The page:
Anyone out there a fan of Douglas Adams’ book “The Hitchhiker’s Guide to the Galaxy”? In it the main character--Arthur Dent--ends up with a book sharing the same title whose cover has the words “DON’T PANIC” written on the front in large letters . In the story, he doesn't follow that advice and, instead, he totally panics.
Why am I mentioning this? Because I am starting to panic and find some comfort in fictional companionship with Arthur. After all, things more or less worked out for him.
But back to my story....lots of deep breathing to calm nerves going on here.
We have finally made it to Washington and are getting serious about finding our sailboat. I am feeling a little anxious about this decision because it feels like a really big decision…this boat isn’t going to be a hobby for us, it’s going to be our home for the foreseeable future. How will we know the right boat? We have a budget and a list of what we want to help narrow down the list but every boat presents trade offs and choices.
Then the “what ifs” start playing in my head. What if we get a lemon and it drains our sailing kitty before we go anywhere? What if we buy a boat here, sail it to warm waters where the necessary on-board heater for this area isn’t a benefit, decide to sell the boat but no one wants to buy it? What if we hate the live-aboard sailing life? And worst of all to me, what if the stress of all this pulls us apart?
Meanwhile, the hard winter of 2017 is continuing here in the Pacific NorthWest and it’s been raining and cold most of the time we’ve been here. This, of course, makes me question if this is really where we want to be living on a sailboat on the water. We are used to long cold snowy winters in Summit County but rain isn’t as much fun as snow, and the damp cold really is different from dry cold. Brrrrrrr!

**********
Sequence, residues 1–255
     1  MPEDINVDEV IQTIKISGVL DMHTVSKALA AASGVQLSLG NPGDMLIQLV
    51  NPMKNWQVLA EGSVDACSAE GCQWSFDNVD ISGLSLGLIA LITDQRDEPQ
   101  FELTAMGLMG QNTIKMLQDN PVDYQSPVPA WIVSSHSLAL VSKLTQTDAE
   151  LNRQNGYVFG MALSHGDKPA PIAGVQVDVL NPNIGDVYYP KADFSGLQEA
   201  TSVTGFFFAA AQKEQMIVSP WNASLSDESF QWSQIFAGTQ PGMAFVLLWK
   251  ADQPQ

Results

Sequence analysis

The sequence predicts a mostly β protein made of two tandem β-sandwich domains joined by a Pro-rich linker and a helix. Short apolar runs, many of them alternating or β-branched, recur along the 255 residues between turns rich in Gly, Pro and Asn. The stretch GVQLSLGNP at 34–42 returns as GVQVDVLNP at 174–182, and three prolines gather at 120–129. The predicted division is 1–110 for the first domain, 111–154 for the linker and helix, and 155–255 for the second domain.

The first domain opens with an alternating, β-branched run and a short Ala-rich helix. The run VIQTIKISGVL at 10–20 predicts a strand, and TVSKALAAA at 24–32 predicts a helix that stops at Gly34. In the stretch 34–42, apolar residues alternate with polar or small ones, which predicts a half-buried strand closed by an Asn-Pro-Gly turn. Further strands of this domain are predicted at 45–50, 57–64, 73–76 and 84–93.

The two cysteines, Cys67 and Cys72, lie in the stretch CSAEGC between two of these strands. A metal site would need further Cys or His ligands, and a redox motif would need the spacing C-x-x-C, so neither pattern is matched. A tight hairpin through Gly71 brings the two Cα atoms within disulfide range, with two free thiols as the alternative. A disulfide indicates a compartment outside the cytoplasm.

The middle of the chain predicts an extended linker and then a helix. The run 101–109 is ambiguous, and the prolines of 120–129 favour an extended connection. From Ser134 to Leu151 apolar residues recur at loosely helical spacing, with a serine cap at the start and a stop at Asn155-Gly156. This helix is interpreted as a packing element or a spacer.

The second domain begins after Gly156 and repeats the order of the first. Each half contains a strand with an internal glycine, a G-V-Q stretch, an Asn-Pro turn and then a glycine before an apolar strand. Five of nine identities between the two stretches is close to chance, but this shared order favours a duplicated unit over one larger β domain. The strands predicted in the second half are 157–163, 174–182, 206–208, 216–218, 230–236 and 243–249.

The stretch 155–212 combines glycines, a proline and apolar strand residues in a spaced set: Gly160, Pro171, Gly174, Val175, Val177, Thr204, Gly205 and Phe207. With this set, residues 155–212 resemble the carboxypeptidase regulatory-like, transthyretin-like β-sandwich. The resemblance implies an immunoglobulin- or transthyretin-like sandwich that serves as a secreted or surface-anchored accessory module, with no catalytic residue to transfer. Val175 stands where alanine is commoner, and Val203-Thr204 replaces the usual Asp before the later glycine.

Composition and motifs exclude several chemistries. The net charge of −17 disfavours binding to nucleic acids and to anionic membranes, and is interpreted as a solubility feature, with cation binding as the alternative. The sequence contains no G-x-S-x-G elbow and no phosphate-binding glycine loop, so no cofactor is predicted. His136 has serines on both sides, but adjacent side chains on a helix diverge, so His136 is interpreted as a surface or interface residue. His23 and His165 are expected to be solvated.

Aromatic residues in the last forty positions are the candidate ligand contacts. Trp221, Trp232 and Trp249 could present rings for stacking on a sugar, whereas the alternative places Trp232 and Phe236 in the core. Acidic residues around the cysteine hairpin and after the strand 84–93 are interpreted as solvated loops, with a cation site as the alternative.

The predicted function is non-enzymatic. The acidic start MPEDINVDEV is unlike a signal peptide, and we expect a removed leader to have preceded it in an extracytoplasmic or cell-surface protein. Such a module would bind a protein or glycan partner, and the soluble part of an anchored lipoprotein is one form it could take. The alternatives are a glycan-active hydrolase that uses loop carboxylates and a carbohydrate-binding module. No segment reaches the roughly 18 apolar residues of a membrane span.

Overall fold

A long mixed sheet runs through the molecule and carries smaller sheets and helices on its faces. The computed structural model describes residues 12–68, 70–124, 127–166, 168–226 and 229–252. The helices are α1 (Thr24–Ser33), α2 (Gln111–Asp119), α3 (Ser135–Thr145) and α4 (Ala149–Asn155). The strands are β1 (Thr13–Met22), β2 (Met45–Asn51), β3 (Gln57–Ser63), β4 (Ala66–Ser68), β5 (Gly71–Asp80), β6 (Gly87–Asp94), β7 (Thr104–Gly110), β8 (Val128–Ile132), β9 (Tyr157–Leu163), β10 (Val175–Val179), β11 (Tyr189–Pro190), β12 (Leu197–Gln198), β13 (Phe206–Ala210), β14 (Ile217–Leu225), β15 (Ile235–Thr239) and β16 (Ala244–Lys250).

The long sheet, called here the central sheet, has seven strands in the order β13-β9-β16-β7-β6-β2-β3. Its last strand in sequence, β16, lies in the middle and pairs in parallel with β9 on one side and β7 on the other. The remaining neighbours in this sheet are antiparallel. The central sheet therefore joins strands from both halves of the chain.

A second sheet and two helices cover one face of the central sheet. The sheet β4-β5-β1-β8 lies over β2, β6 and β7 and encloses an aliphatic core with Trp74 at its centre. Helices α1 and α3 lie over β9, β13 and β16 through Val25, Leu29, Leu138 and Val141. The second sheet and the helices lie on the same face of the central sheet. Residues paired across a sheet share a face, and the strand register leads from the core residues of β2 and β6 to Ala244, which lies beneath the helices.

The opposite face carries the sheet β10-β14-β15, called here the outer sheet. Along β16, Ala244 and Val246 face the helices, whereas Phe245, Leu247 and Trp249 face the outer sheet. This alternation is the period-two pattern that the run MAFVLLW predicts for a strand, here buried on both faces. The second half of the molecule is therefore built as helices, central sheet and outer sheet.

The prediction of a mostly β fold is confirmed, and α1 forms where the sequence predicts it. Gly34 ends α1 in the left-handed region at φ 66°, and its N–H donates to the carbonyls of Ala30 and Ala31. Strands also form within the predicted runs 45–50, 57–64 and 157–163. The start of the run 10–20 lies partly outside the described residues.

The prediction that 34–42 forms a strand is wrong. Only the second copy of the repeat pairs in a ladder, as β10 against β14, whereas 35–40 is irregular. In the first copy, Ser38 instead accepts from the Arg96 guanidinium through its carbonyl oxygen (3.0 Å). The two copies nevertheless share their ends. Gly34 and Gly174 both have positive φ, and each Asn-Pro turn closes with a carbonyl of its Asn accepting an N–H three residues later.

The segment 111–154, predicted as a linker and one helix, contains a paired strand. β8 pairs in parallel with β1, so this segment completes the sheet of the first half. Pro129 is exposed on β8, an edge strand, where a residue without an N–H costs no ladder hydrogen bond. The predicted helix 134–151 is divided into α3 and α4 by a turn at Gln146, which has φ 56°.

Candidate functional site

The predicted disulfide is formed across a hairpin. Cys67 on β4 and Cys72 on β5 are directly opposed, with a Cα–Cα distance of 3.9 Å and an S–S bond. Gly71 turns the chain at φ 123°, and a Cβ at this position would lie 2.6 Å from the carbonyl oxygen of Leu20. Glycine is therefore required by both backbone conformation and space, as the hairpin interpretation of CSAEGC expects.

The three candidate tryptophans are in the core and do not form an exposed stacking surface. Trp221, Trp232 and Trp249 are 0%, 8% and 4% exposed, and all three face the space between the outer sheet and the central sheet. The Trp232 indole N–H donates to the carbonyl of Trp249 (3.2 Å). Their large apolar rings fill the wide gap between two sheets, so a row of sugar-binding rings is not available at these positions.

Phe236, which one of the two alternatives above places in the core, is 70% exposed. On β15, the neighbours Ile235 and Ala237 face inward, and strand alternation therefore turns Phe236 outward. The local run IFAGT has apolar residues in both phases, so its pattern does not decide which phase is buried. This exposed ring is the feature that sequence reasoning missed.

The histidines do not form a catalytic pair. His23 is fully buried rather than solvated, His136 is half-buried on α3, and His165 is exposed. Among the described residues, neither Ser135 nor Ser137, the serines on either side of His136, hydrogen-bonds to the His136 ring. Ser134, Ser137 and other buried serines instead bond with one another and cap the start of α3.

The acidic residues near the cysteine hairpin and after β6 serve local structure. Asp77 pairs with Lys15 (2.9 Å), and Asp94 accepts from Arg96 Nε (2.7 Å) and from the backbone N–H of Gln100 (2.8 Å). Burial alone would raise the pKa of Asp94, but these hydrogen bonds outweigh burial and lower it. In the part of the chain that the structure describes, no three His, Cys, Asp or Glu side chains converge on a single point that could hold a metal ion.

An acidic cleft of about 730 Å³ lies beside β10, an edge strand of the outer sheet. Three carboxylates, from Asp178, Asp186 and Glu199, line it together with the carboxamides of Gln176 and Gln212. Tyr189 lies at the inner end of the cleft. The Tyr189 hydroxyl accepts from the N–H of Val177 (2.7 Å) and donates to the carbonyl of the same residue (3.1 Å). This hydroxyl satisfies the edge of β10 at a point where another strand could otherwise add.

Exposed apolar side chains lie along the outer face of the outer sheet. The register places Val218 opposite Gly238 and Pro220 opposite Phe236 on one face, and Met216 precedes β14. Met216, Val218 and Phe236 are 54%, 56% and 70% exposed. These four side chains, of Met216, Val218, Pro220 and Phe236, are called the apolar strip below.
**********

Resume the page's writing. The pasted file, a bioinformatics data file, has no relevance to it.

What are we doing?
On top of that the long trip across the US to get here has made me tired. Constantly being on the move is draining—even with stopping for a couple days here and there. Sitting in one position in a car for hours on end day after day is mind (and butt) numbing, even when the scenery is nice. Not getting enough exercise has left me stiff and sore and heavier bringing up all kinds of self-image and self-confidence issues.
I miss dancing. I miss painting. I miss stretching.
Can you feel my panic rising?
After a sleepless night with pounding heart listening to the rain pour down I shared all my anxieties with Rob. He kindly listened and then admitted that he is feeling a little anxious too. We are out of our comfort zone having never done this before.
Indeed, the last boat we bought was our 23’ San Juan trailer sailer which we bought from a friend. We’ve chartered boats and loved it which has led us here but having a boat as your only home…well sometimes that seems downright crazy. Most people we’ve met that do this have a house on land where they summer and then go sailing in warm waters for the winters.
Are we crazy?
Then an amazing thing happened. The clouds melted away and a bright, warm sun popped up in the sky. In it’s warm light we saw mountains, water, sea lions, and blue sky. Suddenly everything felt better. The crisp air felt like the crisp mountain air of Summit County. The bright sunshine on our faces warmed our hearts. Suddenly, sailing in the Pacific Northwest didn’t seem crazy at all. It felt right.
Wow! What a difference sharing and sunshine can make!
I am still are treading lightly and feeling a little timid about the search but we are moving forward. In fact, we just arrived in Port Townsend, Washington and are compiling a list of boats we want to see. One is here in dry dock and we already checked out its hull. Some of them look really nice and in my mind’s eye I can see us living onboard.
Excitement is building—keep your fingers crossed that our search goes well. I, for one, can use all the good vibes you can send :-)